In the ear (ITE)
Invisible in canal (IIC)
The smallest custom style, IIC instruments, sit invisibly in or past the second bend of the ear canal. IIC devices are specifically designed for mild-to-moderate hearing loss.
Completely in canal (CIC)
One of the smallest custom styles, CIC instruments fit within the ear canal but not as deep as IIC devices. They are designed for individuals with mild-to-moderate hearing losses and offer high cosmetic appeal since they’re nearly invisible when worn.
In the canal (ITC)
ITC instruments sit in the lower portion of the outer ear bowl, making them comfortable and easy to use. Slightly larger than CIC models, they support a more powerful battery with longer service life and can allow for advanced features like directional microphones for better understanding in noisy environments as well as easier access to adjustment. They fit mild and moderate hearing losses.
Full shell in the ear (ITE)
Full shell models sit flush within the entire ear bowl, allowing for the maximum number of additional controls and features, including directional microphones and larger batteries with more power. ITE styles have a larger receiver with enough power for some severe cases of hearing losses due to their capabilities and flexibility.
The technology of BTE models sits behind or on top of the outer ear, with tubing/wiring that routes sound down into the ear and connects to an ear tip or earmold inserted in the ear canal. BTEs come in a variety of colors to blend with hair or skin tones. You can even get them in chrome colors, leopard print, and other funky designs to suit personal styles.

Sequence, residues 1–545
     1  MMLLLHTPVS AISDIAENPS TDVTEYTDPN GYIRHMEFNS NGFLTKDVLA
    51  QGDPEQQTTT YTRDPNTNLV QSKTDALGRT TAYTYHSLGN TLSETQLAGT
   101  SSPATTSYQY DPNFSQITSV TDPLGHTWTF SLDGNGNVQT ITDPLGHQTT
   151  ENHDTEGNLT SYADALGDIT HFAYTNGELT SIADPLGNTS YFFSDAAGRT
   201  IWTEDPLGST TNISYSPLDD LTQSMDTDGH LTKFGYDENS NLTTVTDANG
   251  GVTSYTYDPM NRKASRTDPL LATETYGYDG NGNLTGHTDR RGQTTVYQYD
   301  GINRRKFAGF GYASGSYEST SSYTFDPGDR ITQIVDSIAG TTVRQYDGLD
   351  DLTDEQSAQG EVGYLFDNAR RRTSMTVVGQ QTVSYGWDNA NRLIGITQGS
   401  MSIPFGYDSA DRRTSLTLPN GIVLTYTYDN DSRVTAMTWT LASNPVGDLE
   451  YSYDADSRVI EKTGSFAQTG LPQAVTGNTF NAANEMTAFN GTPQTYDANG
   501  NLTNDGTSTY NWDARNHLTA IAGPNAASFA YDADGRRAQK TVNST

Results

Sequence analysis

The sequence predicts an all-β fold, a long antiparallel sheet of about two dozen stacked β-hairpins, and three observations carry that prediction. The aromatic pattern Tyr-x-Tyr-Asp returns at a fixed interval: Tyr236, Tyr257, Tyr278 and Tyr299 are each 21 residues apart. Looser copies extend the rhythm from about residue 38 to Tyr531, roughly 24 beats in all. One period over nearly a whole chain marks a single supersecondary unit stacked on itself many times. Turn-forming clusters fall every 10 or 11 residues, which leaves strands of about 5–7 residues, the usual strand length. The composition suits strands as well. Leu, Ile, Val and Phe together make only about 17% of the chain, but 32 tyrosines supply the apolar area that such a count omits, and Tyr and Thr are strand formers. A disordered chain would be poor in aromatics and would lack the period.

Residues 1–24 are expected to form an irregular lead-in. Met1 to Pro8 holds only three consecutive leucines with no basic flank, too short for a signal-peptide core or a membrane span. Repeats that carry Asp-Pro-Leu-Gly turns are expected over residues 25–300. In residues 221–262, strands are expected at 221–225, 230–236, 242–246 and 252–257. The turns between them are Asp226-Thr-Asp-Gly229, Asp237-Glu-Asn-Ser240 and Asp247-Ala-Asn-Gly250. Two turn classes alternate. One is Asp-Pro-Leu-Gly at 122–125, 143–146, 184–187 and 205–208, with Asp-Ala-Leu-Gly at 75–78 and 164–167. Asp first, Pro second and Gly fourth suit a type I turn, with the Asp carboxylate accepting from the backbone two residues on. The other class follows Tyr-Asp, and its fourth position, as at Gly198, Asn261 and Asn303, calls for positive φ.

Different BTE sizes accommodate different features, controls, battery types, and degrees of power, as well as varying levels of wearing discretion. Each style is listed below, from smallest to largest.
Open Fit Mini BTE
Mini BTEs hide behind the outer ear and feature ultra-thin tubing/wiring to transmit sound into the ear discreetly. The tubing/wiring connects to a soft tip, which sits in the ear canal without plugging it, allowing for a natural, open feeling of airflow and sound, while amplified sound enters through the tip. This is known as “open fitting” and is recommended for individuals experiencing mild-to-moderate high-frequency losses.
Receiver in the ear (RITE) or Receiver in ear (RIC)
RITE or RIC models are similar to mini BTEs but have the speaker of the instrument incorporated into the ear tip instead of in the main body behind the ear. These instruments are designed for discreet wearing by individuals with mild-to-severe hearing losses.
BTE with Earmold
BTEs with earmolds are the most common type of hearing aid capable of helping individuals experiencing all levels of hearing loss. The shape of their long behind the ear casing follows the contour of the outer ear and allows for a broader range of programming and adjustment features. The selection of earmold color and style, as well as the wearer’s hairstyle, determine exactly how they’ll look on each person.
Schedule a Hearing Evaluation
Hearing the life you love begins with a clear understanding of your hearing health. We can help with advanced technology hearing aids, but you need a hearing evaluation to program them to fit your specific needs
Simply fill in the form below with your contact information and preferences, and we will be in touch with you to help schedule an appointment for you or your loved one.